Monday, July 6, 2009

Form over substance (part 1) - on project encasing

This is an attempt to gather, discuss and summarize the choices for encasing a small, Arduino based, electronic project. I wrote this article after I read a discussion thread on encasing, in the Arduino forum. Although some good, rich sources have been mentioned, the general conclusion was that one still cannot pick a case and use it as is, without heavy modification (and even that was considered a success). This is because there are so many choices for electronic components out there, so many layouts for the boards, so many shapes for the LCDs etc. As much success was achieved with the "standard" Arduino (take the shields for example), there is still a lack of "standardization" in the field of enclosures.

Personally, I find encasing as important as any other step of the development process, since the main purpose of the case/enclosure is to protect the electronics. To me, a project that is not encased is not finished (I have many un-finished projects myself).

I hope this article will give readers some ideas. As always, any suggestions/recommandations are welcome.

Factors to take into consideration when choosing/making an enclosure, not necesarrily in the order of importance:

1. Ready-made vs. custom designed and made

o Ready-made cases are of 2 types: generic (used for display, storage etc), and those specifically designed for electronic projects;

§ Among the amateur projects, many enclosures are re-purposed generic cases/boxes, where creativity and imagination in choosing the best one play a big role;

§ Electronic enclosures tend to be boxy, dull looking, un-inspiring, although strong, sturdy, solid.

o Generic cases, usually, need some custom work (drilling, cutting, painting);

o Custom made enclosures require, obviously, more skill and time;

2. Portable vs. stationary

o Portable/pocket cases need to store the power supply (batteries etc); may need additional electronics to accommodate portability (battery recharging, LCD display etc); should be light and sturdy, shock/vibration resistant, sometimes waterproofed;

o Stationary enclosures could be heavier, bulkier; they could be designated for indoor or outdoor usage, leading to different sets of requirements;

3. Price/cost/work/effort/tools

o This factor is relevant for custom made enclosures, since it takes a greater amount of work (time, effort and tools) to build a custom made enclosure than to modify a ready made one;

o Cost is dependent on the materials used (titanium sheets are more expensive than aluminum sheets, which are more expensive than PVC, for example); the rule is: the softer the material, the easier (and cheaper) to process;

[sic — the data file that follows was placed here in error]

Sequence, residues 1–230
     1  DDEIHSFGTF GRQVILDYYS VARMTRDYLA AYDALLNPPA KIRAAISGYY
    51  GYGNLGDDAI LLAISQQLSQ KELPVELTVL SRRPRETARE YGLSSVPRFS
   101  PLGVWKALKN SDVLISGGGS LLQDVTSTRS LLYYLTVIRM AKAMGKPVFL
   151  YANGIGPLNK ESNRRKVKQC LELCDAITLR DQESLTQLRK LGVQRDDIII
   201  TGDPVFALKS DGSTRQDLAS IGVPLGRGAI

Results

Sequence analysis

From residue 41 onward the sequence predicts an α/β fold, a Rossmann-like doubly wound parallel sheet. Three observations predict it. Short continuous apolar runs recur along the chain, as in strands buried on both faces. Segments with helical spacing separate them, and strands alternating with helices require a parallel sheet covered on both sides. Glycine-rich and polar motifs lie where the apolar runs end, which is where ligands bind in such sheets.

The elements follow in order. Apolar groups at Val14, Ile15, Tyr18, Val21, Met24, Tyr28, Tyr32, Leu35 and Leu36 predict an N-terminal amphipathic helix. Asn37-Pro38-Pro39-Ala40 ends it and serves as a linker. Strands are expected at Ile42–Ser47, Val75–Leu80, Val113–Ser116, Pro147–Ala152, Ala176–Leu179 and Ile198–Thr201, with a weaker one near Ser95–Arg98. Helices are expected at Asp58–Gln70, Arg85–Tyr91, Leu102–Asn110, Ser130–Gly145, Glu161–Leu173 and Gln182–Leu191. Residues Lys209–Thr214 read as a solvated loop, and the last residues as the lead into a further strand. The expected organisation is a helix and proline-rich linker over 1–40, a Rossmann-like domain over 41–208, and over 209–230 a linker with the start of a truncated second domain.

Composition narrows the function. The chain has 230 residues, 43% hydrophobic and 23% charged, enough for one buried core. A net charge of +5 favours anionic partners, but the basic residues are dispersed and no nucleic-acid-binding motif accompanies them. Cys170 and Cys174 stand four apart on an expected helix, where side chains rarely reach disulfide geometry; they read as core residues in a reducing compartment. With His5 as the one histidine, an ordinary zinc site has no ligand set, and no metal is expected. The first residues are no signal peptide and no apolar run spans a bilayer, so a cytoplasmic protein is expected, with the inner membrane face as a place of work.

o Cost could be minimized if reclaimed/recycled materials are used;

o Depending on the tools on hand, materials also determine the amount of work required, that is, some materials require specialized tools (bending/cutting/welding metals, for example);

4. Aesthetics

o Normally, given the amount of extra effort, a custom case should look more appealing than a ready made one;

o Aesthetics involve shape, proportions, usability (buttons, lights, LCD), color(s)/paint, materials etc.

5. Environment

o Depending on the environment, the enclosure may be required to withstand dust conditions, humidity, heat, vibrations etc. Selecting the right material accommodates most of these cases.

o Also, sealing and insulation may be considered.

6. Heat dissipation/cooling

o The electronics inside may dissipate heat through a radiator. In this case, the material for the enclosure should be metal.

7. Robustness/durability

o Robustness is more relevant for portable devices, where they may be dropped, squeezed, bent, scratched etc.

o Ready-made enclosures, since they are usually made of injected plastics, may be more robust than the custom made ones.

o Enclosure cover should be kept in place with screws, rather than with hinges and hook (or magnets).

8. Material

o Dependent on many of the above factors.

o Material could be chosen for aesthetical considerations (glass is more elegant than acrylic, for example), ease of alteration (e.g. plastic vs. metal), environment (e.g. wood would not be suitable in humid conditions), robustness (e.g. plastic vs. cardboard);

9. Ease of access to batteries/parts for upgrades/maintenance

o This may be an important factor for battery-powered devices, since they would need battery change more frequently. Access to batteries should not require tools (screwdriver) and be possible, ideally, through a hinged or snap cover.

o For the devices requiring periodical upgrades, a connector should be exposed out of the enclosure, so there would be no need to open it up.

10. Attaching the electronics to the case

o Depending on the “portable vs. stationary” factor, the PCB and other internal components (buttons, LEDs, LCD, battery holders) could be attached to the case with screws, padding, Velcro, ties, glue;

11. "Cool" factor

o Projects that are alike electronically (schematics) will be differentiated by the case/enclosure. Creativity has a decisive role in either choosing a “cool” ready-made case (and tailoring it) or making a custom one from scratch.

o Some enclosures may follow a theme (lego, batman, star wars etc);

o Enclosures may have particular shapes (e.g. robot, clock, guitar, monome), paint jobs, colors, materials.

Related posts:

Form over substance (part 2) - Examples of enclosures

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